NJ’s absurd suit against Big Oil only benefits posturing politicians


Not to be left out of the left’s war on energy, New Jersey has become the latest government to sue big oil companies, claiming they hid info showing that oil usage leads to climate-driven natural disasters, resulting in billions in damages.

The suit targets ExxonMobil, Shell, Chevron, BP, ConocoPhillips and, for good measure, the American Petroleum Institute, claiming they breached the state’s Consumer Fraud Act via disinformation campaigns. It’s almost certain to fail — much as did multiple similar suits alleging the same deceptions (including one by Mayor Bill de Blasio) — but still harm efforts to boost US oil investment and production.

The plaintiffs’ argument is beyond a stretch: They claim oil companies knew burning oil would accelerate climate change but hid the fact. That meant more climate disasters, costing communities billions in damage.

Hello? The entire world has been burning oil and other fossil fuels for centuries. Why are these oil companies to blame? Nor is there any agreement on the extent of damage caused by climate change, let alone what share these companies have “caused.”

More important, the world needs their products and continues to use them willingly, especially since it lacks a sufficient supplies of any reliable, economically viable alternative. (New Jersey itself has plenty of state vehicles that still run on gasoline.) Be glad they’ve been meeting public demand.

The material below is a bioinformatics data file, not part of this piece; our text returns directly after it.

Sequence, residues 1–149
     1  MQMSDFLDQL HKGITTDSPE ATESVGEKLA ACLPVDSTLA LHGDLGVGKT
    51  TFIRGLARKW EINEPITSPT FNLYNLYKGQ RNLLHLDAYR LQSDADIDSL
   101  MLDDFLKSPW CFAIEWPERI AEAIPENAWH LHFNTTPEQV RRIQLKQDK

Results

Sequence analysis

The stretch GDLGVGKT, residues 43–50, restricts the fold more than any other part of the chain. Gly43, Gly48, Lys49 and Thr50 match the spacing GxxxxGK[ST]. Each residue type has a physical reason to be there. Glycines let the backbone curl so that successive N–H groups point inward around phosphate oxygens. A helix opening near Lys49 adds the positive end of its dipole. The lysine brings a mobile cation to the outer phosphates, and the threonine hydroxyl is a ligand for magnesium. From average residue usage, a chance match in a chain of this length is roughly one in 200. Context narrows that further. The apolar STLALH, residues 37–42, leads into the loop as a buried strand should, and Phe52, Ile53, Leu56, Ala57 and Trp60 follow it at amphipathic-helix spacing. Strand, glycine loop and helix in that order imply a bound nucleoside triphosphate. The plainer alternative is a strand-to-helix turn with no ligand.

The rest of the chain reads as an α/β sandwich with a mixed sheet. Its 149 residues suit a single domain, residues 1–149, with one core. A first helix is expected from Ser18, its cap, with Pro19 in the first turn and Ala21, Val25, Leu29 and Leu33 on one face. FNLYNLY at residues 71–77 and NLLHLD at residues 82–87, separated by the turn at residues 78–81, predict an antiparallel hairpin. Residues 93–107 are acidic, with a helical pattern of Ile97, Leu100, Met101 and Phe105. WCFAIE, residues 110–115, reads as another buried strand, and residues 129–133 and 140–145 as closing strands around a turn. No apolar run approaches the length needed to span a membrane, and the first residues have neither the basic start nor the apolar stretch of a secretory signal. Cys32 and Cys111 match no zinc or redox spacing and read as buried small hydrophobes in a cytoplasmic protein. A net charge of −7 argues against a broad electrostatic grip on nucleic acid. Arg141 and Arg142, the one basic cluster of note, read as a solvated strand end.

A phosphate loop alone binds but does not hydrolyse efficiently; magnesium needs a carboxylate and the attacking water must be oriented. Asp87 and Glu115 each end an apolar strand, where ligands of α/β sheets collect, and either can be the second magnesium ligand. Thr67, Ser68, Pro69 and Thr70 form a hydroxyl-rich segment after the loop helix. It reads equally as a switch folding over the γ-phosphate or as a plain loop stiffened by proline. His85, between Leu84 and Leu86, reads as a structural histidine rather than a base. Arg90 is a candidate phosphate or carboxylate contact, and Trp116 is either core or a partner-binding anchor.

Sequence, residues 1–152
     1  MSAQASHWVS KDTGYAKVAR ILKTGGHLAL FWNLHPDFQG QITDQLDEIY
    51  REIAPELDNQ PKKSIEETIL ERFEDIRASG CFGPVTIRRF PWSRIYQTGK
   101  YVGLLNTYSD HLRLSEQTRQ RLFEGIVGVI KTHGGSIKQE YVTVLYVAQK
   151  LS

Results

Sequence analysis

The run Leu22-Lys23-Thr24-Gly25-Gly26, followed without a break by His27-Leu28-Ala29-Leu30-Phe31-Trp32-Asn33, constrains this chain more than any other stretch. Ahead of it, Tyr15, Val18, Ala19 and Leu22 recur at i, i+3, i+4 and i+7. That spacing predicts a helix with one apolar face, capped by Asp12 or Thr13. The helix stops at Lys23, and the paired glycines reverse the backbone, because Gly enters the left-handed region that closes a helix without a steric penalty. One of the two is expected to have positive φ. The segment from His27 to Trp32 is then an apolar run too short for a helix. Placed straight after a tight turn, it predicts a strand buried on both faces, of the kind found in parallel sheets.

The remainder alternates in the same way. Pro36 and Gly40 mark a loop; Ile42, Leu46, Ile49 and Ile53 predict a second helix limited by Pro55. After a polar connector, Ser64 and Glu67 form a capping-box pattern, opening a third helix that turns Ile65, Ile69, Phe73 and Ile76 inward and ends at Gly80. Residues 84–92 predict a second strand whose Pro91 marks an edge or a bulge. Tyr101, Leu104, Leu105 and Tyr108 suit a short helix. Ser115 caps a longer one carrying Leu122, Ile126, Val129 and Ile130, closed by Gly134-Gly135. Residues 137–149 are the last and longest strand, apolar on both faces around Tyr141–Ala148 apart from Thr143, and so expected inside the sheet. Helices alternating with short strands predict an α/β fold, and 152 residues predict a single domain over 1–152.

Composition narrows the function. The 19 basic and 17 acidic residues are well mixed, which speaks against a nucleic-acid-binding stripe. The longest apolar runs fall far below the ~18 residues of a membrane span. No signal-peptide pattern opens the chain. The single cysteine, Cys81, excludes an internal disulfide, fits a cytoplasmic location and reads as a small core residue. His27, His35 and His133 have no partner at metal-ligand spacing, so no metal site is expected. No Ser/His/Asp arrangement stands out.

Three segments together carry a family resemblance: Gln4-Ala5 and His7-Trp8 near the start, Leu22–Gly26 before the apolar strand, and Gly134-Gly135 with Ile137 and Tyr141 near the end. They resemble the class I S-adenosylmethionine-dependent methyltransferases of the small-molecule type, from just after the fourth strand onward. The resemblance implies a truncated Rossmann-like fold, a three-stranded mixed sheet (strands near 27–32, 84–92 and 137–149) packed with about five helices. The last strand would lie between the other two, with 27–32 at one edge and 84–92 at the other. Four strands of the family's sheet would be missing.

Plus, as the Manufacturers’ Accountability Project’s Phil Goldberg argues, courts are “not the appropriate places to decide climate policy.” They can’t “take into account important aspects of America’s energy policy, including affordability for families and businesses, and energy security.”

Even President Joe Biden, who vowed to “end” fossil fuels, has threatened consequences for companies that don’t pump more oil. The companies are damned if they do, damned if they don’t.

For posturing pols, though, the suits are a win-win, even though courts keep tossing them. They shore up their anti-fossil-fuel cred to climate warriors. And outside groups — like the shadowy Collective Action Fund, bankrolled by deep-pocketed left-wing organizations — pick up legal fees.

And if the courts ever rule for the pols, plaintiffs like New Jersey could win billions. (The lawyers representing them, often from a law firm called Sher Edling, would take a huge chunk.)

Yet customers ultimately pay: “Expensive” judgments against the companies can jack up the cost of gas by as much as 31 cents a gallon, the Lawsuit Reform Alliance reports. And, again, these cases do nothing to encourage investment in oil production to boost supply and keep prices down; just the opposite.

So if Garden Staters like paying $5 a gallon for gas, they should applaud Gov. Phil Murphy and his Attorney General Matthew Platkin for their legal theatrics. If not, they should remember when next they vote.


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